This was EASY and now you are playing music on your baritone ukulele!  You can use this same method to play a soprano, concert, banjo or tenor uke. Just tune the uke to the A E C G tuning. Of course the chord and note names will be completely different.

Sing while you play your ukulele. ENJOY MAKING BEAUTIFUL MUSIC!

 Play the Melody, Lead Individual Notes

Everyone thinks you have to read music or read tablature to play the lead/melody to a song. I have been teaching for years via email using words to teach music. To play the Lead for Row, Row, Row Your Boat in the Key of G just follow the steps below.

The words are above the steps to form the notes for the melody.

           ROW, ROW

Step 1 Strum / on the Third string G playing the G note open. This is a quarter note. Repeat above for the second word ROW. This is a quarter note.

            ROW

Step 2 Strum /on the Third string G playing the G note open. This is a Eighth note.

            YOUR

Step 3 Place your second finger on your left hand on the Third string G at the Second fret forming an A note. With you right hand strum V when you play the A note. This is the connecting Eighth note.

            BOAT

Step 4 Strum / on the Second string B, playing the open B note. This is a Quarter note.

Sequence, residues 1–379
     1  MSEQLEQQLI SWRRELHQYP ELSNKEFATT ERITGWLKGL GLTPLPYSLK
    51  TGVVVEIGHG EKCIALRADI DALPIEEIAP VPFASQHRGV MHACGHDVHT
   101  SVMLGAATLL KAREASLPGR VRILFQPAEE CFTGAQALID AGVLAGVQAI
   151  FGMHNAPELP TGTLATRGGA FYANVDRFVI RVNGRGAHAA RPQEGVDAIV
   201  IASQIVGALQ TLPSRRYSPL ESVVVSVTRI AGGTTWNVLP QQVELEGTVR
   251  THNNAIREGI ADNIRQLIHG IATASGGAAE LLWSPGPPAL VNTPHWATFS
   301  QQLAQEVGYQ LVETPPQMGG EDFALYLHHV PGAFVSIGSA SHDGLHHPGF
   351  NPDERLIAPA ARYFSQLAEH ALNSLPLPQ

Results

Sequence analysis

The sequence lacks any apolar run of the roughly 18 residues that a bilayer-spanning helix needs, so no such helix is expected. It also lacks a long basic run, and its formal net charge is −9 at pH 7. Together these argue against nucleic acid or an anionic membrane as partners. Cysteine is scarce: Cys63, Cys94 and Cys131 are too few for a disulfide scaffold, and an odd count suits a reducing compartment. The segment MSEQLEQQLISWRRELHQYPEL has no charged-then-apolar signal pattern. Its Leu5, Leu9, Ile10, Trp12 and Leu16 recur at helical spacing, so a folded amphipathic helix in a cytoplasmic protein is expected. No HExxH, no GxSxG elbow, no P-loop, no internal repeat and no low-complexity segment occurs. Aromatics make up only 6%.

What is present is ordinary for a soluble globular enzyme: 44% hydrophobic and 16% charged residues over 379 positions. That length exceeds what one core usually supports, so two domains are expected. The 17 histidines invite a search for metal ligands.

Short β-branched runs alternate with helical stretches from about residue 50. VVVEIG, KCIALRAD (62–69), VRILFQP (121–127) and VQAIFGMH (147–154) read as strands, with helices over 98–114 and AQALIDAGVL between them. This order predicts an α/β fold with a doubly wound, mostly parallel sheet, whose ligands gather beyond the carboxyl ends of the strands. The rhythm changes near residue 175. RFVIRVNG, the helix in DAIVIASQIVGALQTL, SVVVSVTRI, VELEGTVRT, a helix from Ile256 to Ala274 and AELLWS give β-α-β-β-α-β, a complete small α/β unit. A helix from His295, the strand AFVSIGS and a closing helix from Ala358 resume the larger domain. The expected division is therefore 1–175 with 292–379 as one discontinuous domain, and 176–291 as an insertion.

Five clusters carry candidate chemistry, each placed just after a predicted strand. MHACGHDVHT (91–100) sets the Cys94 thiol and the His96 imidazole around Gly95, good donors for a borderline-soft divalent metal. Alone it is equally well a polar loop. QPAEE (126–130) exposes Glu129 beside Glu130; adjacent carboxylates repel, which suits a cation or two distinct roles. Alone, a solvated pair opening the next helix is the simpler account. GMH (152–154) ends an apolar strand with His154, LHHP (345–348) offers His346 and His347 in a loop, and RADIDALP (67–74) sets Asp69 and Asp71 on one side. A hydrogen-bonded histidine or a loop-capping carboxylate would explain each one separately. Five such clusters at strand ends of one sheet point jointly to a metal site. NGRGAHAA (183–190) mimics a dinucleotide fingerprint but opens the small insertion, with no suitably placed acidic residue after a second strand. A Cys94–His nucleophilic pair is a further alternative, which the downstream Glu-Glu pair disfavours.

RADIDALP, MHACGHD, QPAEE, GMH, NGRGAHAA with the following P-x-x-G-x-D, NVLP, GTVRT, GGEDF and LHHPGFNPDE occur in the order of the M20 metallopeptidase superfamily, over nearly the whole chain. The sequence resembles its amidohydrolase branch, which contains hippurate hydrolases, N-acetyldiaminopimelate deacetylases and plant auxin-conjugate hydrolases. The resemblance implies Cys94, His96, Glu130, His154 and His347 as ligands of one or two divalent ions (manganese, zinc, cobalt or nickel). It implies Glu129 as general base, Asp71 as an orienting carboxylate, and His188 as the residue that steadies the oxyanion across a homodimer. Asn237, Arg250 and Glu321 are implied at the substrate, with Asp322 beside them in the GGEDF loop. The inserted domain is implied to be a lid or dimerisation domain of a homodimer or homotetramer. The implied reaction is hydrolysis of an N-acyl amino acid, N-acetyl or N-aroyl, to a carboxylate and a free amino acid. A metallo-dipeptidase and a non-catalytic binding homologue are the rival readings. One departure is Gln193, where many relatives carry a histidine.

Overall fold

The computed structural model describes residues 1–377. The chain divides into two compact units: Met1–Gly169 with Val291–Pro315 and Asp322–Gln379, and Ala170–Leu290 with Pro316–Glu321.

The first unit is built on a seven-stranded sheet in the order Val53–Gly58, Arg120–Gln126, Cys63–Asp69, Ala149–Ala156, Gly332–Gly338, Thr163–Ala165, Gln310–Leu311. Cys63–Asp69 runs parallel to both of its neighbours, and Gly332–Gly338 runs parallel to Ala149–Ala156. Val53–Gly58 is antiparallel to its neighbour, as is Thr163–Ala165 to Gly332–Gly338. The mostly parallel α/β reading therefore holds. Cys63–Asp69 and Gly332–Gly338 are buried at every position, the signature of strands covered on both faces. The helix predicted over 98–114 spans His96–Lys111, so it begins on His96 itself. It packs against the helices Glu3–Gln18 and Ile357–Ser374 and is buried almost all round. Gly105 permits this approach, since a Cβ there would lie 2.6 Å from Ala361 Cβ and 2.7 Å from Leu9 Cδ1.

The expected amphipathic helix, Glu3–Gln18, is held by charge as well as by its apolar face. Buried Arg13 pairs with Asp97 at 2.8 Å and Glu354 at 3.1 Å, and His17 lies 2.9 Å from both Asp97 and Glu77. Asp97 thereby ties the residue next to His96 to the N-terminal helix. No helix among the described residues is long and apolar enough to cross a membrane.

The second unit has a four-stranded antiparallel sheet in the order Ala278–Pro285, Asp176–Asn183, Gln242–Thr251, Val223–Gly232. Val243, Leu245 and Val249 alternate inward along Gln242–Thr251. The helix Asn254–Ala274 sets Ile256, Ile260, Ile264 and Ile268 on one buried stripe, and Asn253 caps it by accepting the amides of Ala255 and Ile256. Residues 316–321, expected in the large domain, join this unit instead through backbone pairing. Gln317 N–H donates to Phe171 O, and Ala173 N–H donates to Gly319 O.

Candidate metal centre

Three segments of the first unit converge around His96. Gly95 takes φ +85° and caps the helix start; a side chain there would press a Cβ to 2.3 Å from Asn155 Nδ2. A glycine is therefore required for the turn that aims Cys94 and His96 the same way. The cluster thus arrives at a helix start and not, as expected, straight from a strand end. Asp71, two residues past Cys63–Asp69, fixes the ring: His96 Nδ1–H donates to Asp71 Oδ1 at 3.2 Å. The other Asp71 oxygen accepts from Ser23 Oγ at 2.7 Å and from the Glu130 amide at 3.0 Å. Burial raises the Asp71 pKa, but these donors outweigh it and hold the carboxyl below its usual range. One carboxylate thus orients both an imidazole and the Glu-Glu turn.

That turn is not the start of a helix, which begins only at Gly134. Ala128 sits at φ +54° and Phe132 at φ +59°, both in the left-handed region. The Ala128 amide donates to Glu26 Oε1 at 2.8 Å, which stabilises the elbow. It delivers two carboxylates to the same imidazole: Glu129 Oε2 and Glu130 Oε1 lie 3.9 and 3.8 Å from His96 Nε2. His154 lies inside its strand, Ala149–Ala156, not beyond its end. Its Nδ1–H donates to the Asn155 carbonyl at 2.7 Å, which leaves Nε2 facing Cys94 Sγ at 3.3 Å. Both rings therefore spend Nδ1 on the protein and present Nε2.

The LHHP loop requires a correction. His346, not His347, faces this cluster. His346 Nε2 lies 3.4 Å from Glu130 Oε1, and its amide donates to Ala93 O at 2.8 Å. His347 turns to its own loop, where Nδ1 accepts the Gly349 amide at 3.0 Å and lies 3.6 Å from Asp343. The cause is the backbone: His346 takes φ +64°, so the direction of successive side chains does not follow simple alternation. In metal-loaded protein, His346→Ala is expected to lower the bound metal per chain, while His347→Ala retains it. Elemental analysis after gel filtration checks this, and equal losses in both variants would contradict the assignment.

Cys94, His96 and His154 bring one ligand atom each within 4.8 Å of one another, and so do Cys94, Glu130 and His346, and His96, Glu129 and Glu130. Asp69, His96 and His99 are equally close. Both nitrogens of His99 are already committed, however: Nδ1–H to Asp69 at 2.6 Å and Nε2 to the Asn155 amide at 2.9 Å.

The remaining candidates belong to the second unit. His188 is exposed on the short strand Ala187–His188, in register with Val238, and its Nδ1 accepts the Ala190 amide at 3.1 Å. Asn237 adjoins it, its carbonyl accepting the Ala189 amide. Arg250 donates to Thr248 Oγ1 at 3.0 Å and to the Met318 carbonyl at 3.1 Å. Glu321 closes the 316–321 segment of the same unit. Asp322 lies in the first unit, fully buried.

GENT-

Step 5 Strum / on the Second String, playing the open B note. This is a Eighth Note.

            LY

Step 6 Place your second finger on your left hand on the Third string G at the Second Fret forming an A note, with your right hand strum V when you play the A note. This a connecting Eigth Note.

            DOWN

Step 7 Strum / on the Second string B, playing the open B note. This is a Eight note.

            THE

Step 8 Place your First finger of your left hand on the Second String B at the First fret, forming a C note. With your right hand strum V playing the C note. This is the connecting Eighth note.

            STREAM

Step 9 Place your Third Finger of your left hand on the Second String B at the Third fret, forming a High  D note.  Strum  D note / with your right hand.  This is a Half note. Count one beat after playing the D note.

               MER-

Step 10 Place your pinky of your Left hand on the First String at the Fifth fret, forming a High A note.  Strum / playing the High A note.  This is a triplet note.

              RI-

Step 11 Place your pinky of your Left hand on the First String at Fifth fret, forming a High A note. Strum V playing the High A note. This is a triplet note.

              LY

Step 12 Place your pinky of your Left hand on the First String at the Fifth fret, forming a High A note.  Strum / playing the High A note.  This is a triplet note.